With a capacity of 608 beds stretched across 29 acres, Karnes County Residential Center is impressively large and beige with a small blue entrance and a single pot of flowers in front of the sliding front doors. Despite housing women and children, the inside of Karnes feels sterile with fluorescent lighting, linoleum tiling, and concrete walls. Sounds echo loudly and an overhead loudspeaker calls out names for detainees to report to various places.
In our visit to Karnes we were able to talk to Ana, a Guatemalan woman who had been in detention for 28 days. Ana broke down sobbing as she couldn’t stand to be in detention any longer. A judge had recently denied her case for asylum and she couldn’t understand why the United States didn’t want her. As tears streamed down her face, she recounted how she and her three-year-old daughter were persecuted in Guatemala for being K’iche,’ an indigenous group (the exact circumstances were unclear).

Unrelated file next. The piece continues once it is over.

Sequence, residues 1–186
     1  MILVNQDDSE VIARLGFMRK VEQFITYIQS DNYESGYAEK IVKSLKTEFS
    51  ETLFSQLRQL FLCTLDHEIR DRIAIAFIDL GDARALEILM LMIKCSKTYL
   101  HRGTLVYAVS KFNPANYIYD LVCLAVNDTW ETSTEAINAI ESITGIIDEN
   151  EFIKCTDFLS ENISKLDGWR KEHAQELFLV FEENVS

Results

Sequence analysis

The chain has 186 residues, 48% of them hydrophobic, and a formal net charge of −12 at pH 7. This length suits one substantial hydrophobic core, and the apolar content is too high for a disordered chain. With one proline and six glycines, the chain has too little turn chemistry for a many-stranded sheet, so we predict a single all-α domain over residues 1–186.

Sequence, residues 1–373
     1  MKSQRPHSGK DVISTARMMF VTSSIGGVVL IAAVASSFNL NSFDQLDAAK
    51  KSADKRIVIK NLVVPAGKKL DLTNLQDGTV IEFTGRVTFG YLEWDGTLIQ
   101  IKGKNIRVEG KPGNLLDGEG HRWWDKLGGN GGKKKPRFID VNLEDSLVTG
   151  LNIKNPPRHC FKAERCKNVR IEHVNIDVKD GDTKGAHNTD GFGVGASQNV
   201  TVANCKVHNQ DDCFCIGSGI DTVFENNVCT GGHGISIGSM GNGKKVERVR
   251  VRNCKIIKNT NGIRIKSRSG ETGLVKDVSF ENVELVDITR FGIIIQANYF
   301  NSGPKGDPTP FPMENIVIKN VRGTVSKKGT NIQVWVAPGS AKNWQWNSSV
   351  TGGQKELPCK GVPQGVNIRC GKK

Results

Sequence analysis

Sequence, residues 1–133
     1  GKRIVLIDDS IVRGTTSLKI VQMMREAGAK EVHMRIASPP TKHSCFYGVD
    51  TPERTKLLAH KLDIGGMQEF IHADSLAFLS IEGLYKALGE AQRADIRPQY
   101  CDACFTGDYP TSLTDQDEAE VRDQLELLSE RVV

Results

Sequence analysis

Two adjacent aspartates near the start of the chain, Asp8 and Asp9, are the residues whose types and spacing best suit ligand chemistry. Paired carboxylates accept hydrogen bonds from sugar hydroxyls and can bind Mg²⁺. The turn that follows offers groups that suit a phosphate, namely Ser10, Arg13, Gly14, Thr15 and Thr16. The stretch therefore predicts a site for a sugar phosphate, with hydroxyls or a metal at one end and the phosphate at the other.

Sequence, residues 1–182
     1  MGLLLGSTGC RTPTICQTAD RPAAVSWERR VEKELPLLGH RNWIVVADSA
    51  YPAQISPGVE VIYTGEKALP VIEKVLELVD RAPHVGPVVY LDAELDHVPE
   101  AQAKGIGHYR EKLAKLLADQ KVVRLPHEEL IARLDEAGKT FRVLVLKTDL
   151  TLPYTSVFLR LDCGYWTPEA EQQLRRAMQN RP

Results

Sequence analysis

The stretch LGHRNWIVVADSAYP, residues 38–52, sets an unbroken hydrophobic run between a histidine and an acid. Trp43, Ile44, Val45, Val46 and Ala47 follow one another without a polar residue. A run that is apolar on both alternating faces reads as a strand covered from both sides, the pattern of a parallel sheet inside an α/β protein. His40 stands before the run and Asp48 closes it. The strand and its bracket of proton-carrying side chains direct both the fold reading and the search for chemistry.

Ana and her daughter had not eaten well since they left Guatemala and the food in the detention center was particularly bad. She repeatedly mentioned headaches, stomachaches, and her overwhelming sense of desperation, stress, and guilt was apparent. She feared that in returning to Guatemala her and her daughter would be killed but she couldn’t think of any other options. While Ana talked, her daughter ran about the room, growing increasingly restless and doodling with the pens and paper we had provided.